Interestingly, the households with both an EPC and IC consistently used both together, resulting in far greater eCooking usage (3.5 daily eCooking events compared to 2 for households with one device). These participants liked how the EPC did not need to be monitored, allowing the IC to be simultaneously used to cook dishes which required attention (e.g., frying/caramelising onions or sauteing vegetables). This key finding shows more than one eCooking device is likely needed to reduce stacking of polluting fuels.

Figure 2. Proportion of dishes cooked on an IC (left) and an EPC (right) during the endline phase. Source: PAC/ABF/NACEUN ECO final report.

Local after sales services required to further increase eCooking uptake

To expand eCooking further, addressing the lack of hassle-free and swift after sales services is critical. Post-purchase behaviour reinforcement support during the project proved vital for encouraging greater use of eCooking devices. Without this support, the mostly female cooks were hesitant to experiment with eCooking for fear of being unable to provide meals for the household – reflecting household gender dynamics. This support seems difficult to replicate on a larger scale and suggests user-centred peer-to-peer learning schemes will be important for scaled eCooking. Ensuring product quality (not only for appliances but also auxiliary products such as induction base utensils for ICs and household electric wiring capable of withstanding eCooking loads) is also crucial to maintain confidence of users in and to promote sustained use of ecooking.

Similarly, support is required from specialist agencies to exploit eCooking opportunities with other CREEs. A multi-staged CREE identification process and ongoing CREE engagement by project partners were key to the success of this project. Notably, datalogger data highlighted the consumption patterns and financial sustainability of eCooking, which led the CREE to upgrade distribution infrastructure to support the increased cooking with electricity.

Lastly, a more decentralised supply chain is urgently required to cater for repair and maintenance in rural areas. Several devices experienced technical faults during the pilot and needed to be sent to Kathmandu for repair. With Mangaltar over 60km from the capital, this distance was a key concern for participants (especially post-pilot) and local service centres are needed to increase consumer confidence in eCooking. In Mangaltar, the situation was helped by a CREE staff member with IC maintenance training. Similar training for other CREEs or local bodies may help address these issues in other rural locations.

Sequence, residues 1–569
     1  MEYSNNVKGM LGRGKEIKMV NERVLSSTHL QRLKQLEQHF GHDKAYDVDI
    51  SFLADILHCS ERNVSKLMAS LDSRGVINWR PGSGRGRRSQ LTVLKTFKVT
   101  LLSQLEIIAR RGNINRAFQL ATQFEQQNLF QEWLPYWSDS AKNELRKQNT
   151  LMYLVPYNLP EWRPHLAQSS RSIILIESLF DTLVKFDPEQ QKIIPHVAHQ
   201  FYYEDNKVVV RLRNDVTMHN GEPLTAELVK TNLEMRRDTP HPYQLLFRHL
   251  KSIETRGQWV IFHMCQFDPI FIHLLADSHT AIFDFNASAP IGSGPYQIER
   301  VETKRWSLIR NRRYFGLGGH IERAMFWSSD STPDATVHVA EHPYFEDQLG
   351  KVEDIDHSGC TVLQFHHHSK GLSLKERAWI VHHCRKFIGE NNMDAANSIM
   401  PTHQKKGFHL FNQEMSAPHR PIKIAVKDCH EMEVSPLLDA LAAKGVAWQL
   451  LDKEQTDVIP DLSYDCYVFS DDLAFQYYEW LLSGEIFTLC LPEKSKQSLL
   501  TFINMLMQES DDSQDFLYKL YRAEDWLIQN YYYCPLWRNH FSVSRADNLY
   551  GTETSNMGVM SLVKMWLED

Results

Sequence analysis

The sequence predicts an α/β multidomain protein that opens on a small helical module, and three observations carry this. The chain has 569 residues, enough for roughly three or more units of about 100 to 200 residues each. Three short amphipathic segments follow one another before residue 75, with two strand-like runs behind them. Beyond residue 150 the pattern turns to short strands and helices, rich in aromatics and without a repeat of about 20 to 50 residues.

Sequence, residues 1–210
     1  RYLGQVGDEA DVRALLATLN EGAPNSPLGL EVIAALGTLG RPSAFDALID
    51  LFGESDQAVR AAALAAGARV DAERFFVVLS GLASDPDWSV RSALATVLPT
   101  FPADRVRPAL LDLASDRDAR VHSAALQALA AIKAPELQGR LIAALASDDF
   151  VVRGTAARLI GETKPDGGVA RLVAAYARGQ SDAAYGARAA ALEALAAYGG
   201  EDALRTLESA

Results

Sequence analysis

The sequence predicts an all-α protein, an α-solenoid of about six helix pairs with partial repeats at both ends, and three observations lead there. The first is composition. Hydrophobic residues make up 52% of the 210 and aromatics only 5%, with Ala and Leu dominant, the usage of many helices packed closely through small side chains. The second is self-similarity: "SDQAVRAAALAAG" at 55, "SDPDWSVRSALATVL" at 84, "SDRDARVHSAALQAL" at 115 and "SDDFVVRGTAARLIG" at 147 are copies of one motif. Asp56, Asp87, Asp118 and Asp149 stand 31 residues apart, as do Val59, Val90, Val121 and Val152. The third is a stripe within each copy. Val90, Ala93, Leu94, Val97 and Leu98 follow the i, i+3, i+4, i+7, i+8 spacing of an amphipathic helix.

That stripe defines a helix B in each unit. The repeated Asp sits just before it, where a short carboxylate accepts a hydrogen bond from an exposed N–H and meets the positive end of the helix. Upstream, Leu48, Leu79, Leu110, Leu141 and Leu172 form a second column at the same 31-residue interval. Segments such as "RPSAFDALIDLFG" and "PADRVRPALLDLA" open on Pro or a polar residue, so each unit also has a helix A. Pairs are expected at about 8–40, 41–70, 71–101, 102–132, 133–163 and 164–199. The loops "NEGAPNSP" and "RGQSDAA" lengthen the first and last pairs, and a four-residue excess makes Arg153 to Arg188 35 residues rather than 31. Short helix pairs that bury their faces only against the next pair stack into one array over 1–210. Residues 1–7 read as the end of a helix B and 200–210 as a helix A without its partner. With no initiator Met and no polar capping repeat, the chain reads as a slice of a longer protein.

Conclusions: integrated approaches essential for increasing electricity and clean cooking outreach

The successful integration of ICs and EPCs in Mangaltar adds further weight to the existing evidence base for eCooking in Nepal. The sustained uptake in rural households demonstrates how eCooking can be critical to supporting the economic viability of CREEs by providing an additional load and revenue stream, which, in turn, facilitates electrification and clean cooking outreach to last mile locations. This clearly highlights the synergies to be gained by integrated electrification and clean cooking planning – an overarching aim of the MECS programme. Given the clear and increasing demand for eCooking in Nepal and the need for a more reliable electricity supply to accommodate this load, adopting an integrated approach at larger scales is critical if government targets for 25% of households to use electricity as their primary cooking fuel are to be met.

For more information on this study, the PAC/ABF/NACEUN ECO final report is available on the MECS website.


Featured image, top: Nikola Johnny Mirkovic on Unsplash.